• November 10, 1908 – Miss Edith Lore went to Aurora yesterday for an extended visit with relatives.
  • November 14, 1908 – Miss Edith Lore returned today from a visit with her grandparents in Aurora.

Did Edith have news to share with her grandmother or was she simply going to participate in the funeral? Where was Nora and the other Lore daughters? Why didn’t they travel to Aurora?

Is something else going on?

  • November 15, 1908 – Fine musical program rendered at the First Presbyterian church Sunday might was a quartette…John Ferveda, tenor.

I never knew my grandfather sang, outside the general choir, or that he was a tenor.

The paper has consistently misspelled his name in every entry. Goes to show the value of searching for variants of names.

Surprise Wedding!

Three days later, we find at least some answers.

  • November 17, 1908 – A marriage license was issued yesterday evening to Miss Edith Barbara Lore and John Whitney Ferveda.
  • November 18, 1908 – Miss. Edith Barbara Lore and Mr. John Whitney Ferveda were quietly married at the Presbyterian church parsonage in North Harrison Street last night by Rev. J. L. Cowling.

No one in the family ever knew that this wedding was “quiet.” Edith was assuredly not pregnant, so that wasn’t the reason. Their first child wasn’t born for more than 7 years.

If this wedding had been being planned previously, there would have been invitations and the entire event would have been a social happening in Rushville. The Lore family was well known.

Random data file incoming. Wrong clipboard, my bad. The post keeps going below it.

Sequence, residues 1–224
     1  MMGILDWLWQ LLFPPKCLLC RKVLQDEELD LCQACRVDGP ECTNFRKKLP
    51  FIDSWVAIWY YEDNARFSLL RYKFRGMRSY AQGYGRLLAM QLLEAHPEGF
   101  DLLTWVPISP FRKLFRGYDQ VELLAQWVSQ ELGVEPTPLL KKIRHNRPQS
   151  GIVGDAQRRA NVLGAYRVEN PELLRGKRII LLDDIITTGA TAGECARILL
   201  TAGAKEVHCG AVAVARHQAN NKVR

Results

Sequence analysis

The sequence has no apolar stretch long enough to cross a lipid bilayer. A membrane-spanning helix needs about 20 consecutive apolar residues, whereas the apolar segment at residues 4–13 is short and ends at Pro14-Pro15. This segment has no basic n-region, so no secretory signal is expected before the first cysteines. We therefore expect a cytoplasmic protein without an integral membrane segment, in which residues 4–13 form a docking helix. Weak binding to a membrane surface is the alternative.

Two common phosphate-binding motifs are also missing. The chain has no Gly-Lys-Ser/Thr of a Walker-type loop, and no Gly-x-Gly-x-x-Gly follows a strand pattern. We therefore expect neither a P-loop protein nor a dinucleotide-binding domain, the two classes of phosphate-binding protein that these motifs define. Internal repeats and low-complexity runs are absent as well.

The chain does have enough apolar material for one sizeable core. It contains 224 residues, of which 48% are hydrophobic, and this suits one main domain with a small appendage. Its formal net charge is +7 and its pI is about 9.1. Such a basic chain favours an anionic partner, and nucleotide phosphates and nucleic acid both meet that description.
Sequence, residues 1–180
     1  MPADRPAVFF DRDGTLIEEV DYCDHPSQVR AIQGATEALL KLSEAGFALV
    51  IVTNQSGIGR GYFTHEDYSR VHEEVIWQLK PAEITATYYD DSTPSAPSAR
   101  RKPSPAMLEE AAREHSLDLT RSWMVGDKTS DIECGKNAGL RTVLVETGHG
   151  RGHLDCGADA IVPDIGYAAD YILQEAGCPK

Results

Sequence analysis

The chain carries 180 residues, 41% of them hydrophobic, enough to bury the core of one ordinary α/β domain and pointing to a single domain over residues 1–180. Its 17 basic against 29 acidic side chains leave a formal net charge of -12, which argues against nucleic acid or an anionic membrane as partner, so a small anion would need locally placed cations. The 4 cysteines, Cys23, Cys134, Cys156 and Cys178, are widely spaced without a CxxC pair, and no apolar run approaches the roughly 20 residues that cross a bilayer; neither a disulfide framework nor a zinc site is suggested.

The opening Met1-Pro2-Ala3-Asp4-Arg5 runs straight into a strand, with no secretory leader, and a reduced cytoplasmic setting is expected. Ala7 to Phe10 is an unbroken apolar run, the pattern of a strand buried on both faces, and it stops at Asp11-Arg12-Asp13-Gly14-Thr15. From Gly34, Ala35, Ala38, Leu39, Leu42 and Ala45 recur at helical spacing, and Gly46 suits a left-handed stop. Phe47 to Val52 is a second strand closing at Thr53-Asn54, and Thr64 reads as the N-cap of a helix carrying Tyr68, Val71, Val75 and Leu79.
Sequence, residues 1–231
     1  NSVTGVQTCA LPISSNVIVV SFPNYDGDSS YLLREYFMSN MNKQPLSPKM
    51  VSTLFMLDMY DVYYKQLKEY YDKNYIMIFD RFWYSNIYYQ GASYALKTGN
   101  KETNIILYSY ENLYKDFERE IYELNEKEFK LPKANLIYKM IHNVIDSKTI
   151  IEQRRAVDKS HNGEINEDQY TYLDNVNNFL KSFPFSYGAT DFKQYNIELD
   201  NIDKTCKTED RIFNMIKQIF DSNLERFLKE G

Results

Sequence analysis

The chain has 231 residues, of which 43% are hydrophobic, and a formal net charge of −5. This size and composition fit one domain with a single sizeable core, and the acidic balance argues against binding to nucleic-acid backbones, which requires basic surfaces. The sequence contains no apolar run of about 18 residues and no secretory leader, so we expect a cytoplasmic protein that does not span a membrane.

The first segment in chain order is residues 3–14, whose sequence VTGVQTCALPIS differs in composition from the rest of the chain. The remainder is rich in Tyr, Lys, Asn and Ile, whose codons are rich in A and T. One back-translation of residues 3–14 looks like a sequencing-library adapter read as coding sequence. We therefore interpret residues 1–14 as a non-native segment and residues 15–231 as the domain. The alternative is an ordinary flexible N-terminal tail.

Why was did the marriage occur at this time, in the parsonage and not the church, and “quietly?” Why subdued with no celebration? The same day as the license was issued? A Tuesday. Did they decide to get married on the spur of the moment? Did they tell ANYONE in advance?

Did her parents and sisters attend? Clearly, her aunts and grandparents did not.

This is so out-of-character for this family. Why?

And what about John Ferverda’s family?

  • November 21, 1908

Why is this article titled, “Left a Deep Impression?”

I suspect that quietly married meant that it was a private, not public, service, with just the bride and groom and perhaps her parents.

I wonder if, given Edith’s father’s illness that they simply couldn’t afford a wedding. That may well have been true, but perhaps there were other factors involved too.

The suicide three weeks earlier surely affected everyone in the family. Jim Watson lost the election. Edith married just 10 days later. Did Edith have other plans had Watson won? Did Todd’s suicide make Edith realize that life was short and perhaps she should marry her love?